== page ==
We'll take care of debug/JTAG connectors in the production device in a nice way (so that you'll still be able to hack and modify it any way you see fit).
The transition over to the new board isn’t as daunting as it sounds, as we’ve proven the other parts of the board work, so it is a case of reducing the size and rerouting accordingly. We don’t anticipate as many problems with this part of the process (famous last words!) :)
If all goes well, we will have these boards in 2-3 weeks, and then can move on to the final board design. We are also (right now) waiting on t-shirts, muckspreader boards/badges and other bits and pieces!
Thanks to you all for being so patient, it is appreciated and we think that when you see the final result you’ll agree it was worth the wait, this pain and delay right now will help the next engineers and hackers code, reverse-engineer and implement the products of tomorrow. And you have made that happen!
We've included some images (although they are very similar to what we've shown before) but hardware shots are always nice!
Here are some of the boards that we are working on right now -
These are the latest ENIG (gold-plated) PCBs that are being used for the dev prototypes -
Here are some of the last casualties of war -
These are the the older prototypes on the left (HASL which are not Gold), alongside the last prototypes (which are actually very similar to the new run that is happening now) -
pledged of $17,500 goal
seconds to go
Nov 22, 2010 - Dec 22, 2010 (30 days)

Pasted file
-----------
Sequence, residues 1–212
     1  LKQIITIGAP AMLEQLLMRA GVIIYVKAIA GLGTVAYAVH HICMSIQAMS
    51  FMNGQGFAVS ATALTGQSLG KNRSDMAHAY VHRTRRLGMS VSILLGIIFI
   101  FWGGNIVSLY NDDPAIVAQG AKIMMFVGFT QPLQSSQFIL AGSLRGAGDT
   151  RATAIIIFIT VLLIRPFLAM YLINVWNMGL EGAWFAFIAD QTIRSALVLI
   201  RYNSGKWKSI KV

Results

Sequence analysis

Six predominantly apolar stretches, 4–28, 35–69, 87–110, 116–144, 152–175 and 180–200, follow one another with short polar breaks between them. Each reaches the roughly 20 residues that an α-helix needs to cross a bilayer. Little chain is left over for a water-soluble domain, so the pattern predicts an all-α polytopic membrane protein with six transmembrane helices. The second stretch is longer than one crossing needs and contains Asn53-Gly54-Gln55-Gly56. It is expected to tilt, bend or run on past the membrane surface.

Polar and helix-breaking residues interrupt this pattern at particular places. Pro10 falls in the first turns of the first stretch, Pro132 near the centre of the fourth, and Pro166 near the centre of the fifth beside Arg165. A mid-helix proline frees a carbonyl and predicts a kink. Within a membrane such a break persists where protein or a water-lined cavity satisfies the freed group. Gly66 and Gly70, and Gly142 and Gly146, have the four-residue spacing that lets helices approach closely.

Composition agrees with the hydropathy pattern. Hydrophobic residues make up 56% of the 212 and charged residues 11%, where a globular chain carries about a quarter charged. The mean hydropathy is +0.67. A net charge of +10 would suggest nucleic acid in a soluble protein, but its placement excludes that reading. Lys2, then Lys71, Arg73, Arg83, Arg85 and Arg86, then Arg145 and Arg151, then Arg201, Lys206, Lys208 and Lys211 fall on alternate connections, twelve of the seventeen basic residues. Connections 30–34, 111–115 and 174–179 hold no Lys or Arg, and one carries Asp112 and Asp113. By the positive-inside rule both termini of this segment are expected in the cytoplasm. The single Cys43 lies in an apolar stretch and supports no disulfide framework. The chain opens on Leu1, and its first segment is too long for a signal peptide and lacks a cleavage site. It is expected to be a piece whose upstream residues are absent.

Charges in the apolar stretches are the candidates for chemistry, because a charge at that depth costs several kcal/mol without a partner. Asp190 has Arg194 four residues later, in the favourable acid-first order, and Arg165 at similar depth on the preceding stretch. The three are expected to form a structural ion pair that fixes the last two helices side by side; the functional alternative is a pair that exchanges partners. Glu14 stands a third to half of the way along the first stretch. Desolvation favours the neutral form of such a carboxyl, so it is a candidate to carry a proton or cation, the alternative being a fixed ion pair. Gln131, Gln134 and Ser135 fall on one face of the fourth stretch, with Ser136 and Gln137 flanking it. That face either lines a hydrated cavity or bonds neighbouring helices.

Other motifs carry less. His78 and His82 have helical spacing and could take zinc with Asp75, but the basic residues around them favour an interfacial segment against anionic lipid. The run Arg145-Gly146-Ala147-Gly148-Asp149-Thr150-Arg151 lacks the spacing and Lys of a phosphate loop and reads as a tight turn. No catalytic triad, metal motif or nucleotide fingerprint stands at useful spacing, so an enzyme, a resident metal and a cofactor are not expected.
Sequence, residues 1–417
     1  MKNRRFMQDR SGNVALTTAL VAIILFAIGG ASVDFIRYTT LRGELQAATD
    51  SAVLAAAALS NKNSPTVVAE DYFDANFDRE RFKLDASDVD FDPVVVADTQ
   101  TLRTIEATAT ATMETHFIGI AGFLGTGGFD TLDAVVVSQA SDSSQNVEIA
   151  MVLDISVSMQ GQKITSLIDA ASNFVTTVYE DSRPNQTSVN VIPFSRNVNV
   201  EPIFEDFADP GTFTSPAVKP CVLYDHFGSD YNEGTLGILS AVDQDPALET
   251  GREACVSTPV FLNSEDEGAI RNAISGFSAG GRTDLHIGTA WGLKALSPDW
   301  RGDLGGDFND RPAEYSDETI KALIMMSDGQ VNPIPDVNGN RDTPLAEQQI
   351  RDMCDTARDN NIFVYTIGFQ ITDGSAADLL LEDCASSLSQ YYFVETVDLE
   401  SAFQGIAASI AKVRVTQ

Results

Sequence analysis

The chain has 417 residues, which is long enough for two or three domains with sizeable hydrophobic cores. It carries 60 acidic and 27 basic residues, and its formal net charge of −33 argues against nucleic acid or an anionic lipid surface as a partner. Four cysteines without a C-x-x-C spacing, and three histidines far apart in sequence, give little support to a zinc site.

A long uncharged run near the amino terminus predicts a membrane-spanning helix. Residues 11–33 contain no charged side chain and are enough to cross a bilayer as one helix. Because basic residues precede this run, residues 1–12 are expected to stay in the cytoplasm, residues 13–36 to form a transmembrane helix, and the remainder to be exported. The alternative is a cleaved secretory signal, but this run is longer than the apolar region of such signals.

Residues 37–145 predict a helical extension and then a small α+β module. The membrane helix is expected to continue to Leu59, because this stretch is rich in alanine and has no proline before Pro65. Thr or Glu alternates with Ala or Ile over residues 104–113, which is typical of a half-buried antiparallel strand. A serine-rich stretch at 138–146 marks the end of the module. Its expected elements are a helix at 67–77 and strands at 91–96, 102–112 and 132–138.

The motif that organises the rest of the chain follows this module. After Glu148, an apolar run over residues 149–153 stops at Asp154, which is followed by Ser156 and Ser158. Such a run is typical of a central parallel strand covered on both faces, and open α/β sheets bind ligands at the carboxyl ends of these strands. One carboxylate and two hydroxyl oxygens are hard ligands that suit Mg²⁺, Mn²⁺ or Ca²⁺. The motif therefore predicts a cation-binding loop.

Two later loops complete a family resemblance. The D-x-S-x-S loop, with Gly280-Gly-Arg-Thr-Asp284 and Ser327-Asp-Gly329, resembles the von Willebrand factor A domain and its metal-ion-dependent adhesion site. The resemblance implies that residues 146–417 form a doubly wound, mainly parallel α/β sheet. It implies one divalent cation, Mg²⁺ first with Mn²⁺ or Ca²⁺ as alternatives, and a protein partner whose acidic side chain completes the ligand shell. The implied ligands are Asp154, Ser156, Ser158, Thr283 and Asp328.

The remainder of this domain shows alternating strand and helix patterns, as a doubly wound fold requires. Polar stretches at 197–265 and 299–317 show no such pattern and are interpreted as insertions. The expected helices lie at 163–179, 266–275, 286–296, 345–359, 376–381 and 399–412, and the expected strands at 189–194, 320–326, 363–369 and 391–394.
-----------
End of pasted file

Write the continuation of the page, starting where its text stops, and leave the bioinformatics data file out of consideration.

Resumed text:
Pledge $10 or more
Backers who pledge $10 will be first in line to buy an OpenVizsla when we do our first production run, we'll also send you a badge to say a big 'thank you'.
Pledge $25 or more
Backers who pledge $25 will receive a bare PCB, and a download link with design documents to build their own OpenVizsla analyzer, we also have a cool OpenVizsla badge that we are designing to promote OpenVizsla, these will be limited edition and will only be available to project members and investors.
Pledge $50 or more
Backers who pledge $50 will receive a bare PCB and a printed set of design documents (schematics, PCB prints, BOM) to build their own analyzer. You will also receive a coupon for $50 off an assembled OpenVizsla and a you will be sent a whizzy limited edition OpenVizsla badge.
Pledge $100 or more
Intrepid souls who pledge at least $100 will receive a final OpenVizsla PCB and kit of surface-mount parts to build their own analyzer; advanced SMT soldering skills will be required, you'll also receive the OpenVizsla USB badge.
Pledge $150 or more
Backers who pledge >= $150 will receive plans, a badge, and a bare-bones OpenVizsla board from our initial production run -- add your own cables, power supply and software, and you'll be good to go!
Pledge $250 or more
Backers who pledge $250 or more will receive an individually numbered, finished and tested OpenVizsla board with PSU, case and cables from our initial production run.
Pledge $500 or more
16 backers Limited (4 of 20 left)
Backers who pledge $500 or more will receive 3 individually numbered, finished and tested OpenVizsla boards with PSU, case and cables from our initial production run.
Pledge $1,000 or more
Backers who pledge $1000 or more will receive a PCB or development board at each design stage and they will also have the option to place a logo (or name) on an area of the OpenVizsla PCB and on the 'sponsored by' section of the OpenVizsla project website. When the project is completed the backer will also receive a finished and tested OpenVizsla board with PSU, case and cables, you'll also have access to the private core IRC channel and email list.